Analysis of the policy content available from Namibia, South Africa, Tanzania and Zimbabwe revealed that this was brief and generalized. Frequent policy content alluded to the ‘government being responsible’ to ensure that CBR is adopted’ (Tanzania’s National Policy on Development and Services to People with Disabilities, 2004), and in all four countries the objectives of ‘social integration’ and ‘all services at all levels’ for persons with disabilities were recurring themes. Table 3 illustrates the CBR activities that were contained in the CBR policies and guidelines. Health was overwhelmingly aligned to the CBR matrix, and to a lesser extent education. The social column was least aligned to the CBR matrix.

Only the policy from South Africa contained principles and strategies. The principles included:
  •  ‘people centred, people driven’
  • ‘address equalization of opportunity’
  • ‘address social integration’
  • ‘espouse dignity and respect’.

The strategies for the CBR policy included:
  • reorienting service providers to the principles listed above
  • developing partnerships with NGOs
  • raising awareness about CBR.
Table 3:  Alignment of community based rehabilitation (CBR) activities to CBR matrix

Key international concepts

Table 4 illustrates the inclusion of key international concepts in the CBR policies. ‘Integration’ was featured in all policy documents.

Table 4:  Key international concepts included in community based rehabilitation policies

CBR priorities

Only the broad areas of health and education were analysed further to ascertain how specific activities in each column were prioritized in the policy document. The other areas were excluded from analysis because they were either not identified in the preliminary analysis or identified codes and themes were too few to be ranked meaningfully. Overall health was most prominent in the policy content. Only those activities that were present in the CBR policy according to the CBR matrix (Table 4) were ranked.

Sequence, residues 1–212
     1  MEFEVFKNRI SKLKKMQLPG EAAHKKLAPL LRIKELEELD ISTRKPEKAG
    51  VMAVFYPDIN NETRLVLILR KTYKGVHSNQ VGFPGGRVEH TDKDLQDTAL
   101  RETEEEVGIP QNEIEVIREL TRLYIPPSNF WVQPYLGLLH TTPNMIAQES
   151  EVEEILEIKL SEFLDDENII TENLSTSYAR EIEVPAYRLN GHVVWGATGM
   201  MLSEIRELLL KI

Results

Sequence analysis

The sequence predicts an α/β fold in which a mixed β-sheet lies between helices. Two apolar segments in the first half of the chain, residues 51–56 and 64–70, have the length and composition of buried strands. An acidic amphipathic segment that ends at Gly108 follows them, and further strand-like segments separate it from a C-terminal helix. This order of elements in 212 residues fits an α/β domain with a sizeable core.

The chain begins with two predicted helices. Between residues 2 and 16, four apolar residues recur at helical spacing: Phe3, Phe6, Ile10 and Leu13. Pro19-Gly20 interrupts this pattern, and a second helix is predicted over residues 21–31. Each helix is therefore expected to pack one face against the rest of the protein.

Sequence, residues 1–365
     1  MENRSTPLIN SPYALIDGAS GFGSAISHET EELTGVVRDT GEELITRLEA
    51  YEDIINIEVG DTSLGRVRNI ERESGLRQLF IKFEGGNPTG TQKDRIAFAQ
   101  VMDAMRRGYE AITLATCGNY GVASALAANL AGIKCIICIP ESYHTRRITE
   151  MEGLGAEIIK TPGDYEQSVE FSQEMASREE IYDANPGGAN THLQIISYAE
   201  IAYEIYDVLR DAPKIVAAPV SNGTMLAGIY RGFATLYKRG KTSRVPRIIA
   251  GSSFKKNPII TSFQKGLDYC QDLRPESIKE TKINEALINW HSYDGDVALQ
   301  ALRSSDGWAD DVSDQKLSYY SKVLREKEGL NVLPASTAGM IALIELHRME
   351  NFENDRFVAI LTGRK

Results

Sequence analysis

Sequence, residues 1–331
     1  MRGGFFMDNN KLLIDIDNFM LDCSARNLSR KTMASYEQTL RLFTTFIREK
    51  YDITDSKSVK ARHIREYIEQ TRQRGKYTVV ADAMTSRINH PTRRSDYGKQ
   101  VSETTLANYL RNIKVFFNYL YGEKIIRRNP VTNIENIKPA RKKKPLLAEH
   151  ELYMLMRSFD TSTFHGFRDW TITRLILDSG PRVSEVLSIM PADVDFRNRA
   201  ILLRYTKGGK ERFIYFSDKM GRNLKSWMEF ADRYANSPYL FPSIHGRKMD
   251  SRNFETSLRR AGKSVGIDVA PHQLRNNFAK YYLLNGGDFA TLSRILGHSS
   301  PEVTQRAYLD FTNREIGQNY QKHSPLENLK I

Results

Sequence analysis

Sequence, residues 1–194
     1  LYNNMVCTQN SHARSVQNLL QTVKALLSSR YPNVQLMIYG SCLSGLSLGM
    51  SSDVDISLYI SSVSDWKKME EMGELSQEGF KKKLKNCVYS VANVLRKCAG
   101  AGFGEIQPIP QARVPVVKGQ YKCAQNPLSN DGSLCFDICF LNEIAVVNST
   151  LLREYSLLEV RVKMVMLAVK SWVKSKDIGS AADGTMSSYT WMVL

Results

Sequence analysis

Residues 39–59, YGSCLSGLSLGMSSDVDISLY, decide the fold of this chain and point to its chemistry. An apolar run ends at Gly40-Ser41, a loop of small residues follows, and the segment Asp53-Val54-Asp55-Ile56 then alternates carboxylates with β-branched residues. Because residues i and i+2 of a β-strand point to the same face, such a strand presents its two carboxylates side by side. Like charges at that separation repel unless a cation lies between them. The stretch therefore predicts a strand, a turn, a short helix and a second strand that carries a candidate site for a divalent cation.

Hence the rankings were:
  • health – 1. Rehabilitation, 2. Assistive devices, 3. Prevention
  • education – 1. Primary, 2. Secondary and higher, 3. Early childhood.


The search for CBR policies and/or guidelines yielded only four policy documents depicting policy positions out of the 15  countries in southern Africa. A report on the CBR status in 11 African Countries (eight countries were from southern Africa), conducted by Mji, Myezwa and Statham in the late 1990s (unpublished) on behalf of the World Confederation for Physical Therapy Africa Region, reported, contrary to the present study’s findings that Botswana had a CBR policy. This could not be obtained despite repeated efforts. Several key sources within Botswana were of the opinion that a CBR policy does not exist. In-depth analysis of the policies obtained demonstrated that when the policy or guideline for CBR was contained in a document specifically for CBR, it tended to have more specific and detailed content. Hence Zimbabwe performed well in this aspect owing to its comprehensive CBR guidelines. This was followed by South Africa’s National Rehabilitation Policy. Key outcomes (policy content) were informed principally by the CBR matrix and ascertainment of inclusion of key international principles contained broadly in the CBR Guidelines. This provided the framework of the concept and the standard against which the CBR policies were evaluated.